“Everything came into being through God’s word” (36a-36b and 37a-37b)

I read yesterday’s daf and today’s daf carefully and I understood that this is all about making distinctions.

When is something one thing and when is it something else entirely? For example, when is the caper or the pepper a vegetable and when is it a tree? The distinctions matter because they have implications for the types of blessings that are said. And furthermore, it matters if you are within the land of Israel or outside as you need to know whether you are obligated to tithe or not.

Similarly, when there are mixtures of things, what is considered the primary ingredient?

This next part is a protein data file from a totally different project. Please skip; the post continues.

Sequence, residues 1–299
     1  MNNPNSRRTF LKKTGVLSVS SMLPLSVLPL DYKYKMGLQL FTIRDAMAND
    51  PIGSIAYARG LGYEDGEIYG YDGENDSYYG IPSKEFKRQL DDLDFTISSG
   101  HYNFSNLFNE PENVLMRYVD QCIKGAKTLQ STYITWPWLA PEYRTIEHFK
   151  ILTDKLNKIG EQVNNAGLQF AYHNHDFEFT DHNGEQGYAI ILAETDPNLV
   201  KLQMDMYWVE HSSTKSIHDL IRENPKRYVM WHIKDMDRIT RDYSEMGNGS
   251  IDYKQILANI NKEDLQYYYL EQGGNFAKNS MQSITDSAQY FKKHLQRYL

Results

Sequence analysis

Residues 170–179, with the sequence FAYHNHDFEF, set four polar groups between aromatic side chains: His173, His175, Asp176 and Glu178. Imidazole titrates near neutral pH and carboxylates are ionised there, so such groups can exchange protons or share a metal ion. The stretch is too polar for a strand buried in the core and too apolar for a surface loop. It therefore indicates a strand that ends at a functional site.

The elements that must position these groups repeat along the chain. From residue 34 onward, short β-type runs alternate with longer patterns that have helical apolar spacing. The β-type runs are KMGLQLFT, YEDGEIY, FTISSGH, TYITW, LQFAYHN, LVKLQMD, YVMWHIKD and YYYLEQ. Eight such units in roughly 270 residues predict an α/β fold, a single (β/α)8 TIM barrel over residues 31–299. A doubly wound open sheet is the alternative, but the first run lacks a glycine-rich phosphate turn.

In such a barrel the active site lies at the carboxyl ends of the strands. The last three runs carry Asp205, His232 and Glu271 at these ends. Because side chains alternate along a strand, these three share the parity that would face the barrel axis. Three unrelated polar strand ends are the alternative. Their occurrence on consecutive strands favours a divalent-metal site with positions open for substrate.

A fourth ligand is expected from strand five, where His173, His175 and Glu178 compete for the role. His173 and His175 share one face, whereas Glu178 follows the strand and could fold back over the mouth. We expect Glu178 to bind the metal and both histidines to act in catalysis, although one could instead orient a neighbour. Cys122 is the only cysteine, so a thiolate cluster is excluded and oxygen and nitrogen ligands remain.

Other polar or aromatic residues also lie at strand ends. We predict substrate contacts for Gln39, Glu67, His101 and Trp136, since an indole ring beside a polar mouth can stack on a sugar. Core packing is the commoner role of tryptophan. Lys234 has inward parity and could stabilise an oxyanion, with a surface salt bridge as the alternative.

These two dapim are all about distinction and discernment. While the specific distinctions being discussed don’t speak to me all that much, the dance of discernment does. 

So – for example when is the hand gesture a sign of kindness and when it is a sign of weariness or sadness? When is the tapping of your foot a sign of enthusiasm and when is it a sign of impatience?

How do you distinguish the look that is friendly from the look that is questioning or challenging? Which of the many muscles around the eye need to be held in just this way to convey one or the other? 

Discernment is a skill that one develops over a lifetime. What matters as well is to figure when distinctions matter and when they don’t.

Shabbat Shalom!



This entry was posted in Daf Yomi, Hevruta study, Talmud. Bookmark the permalink.

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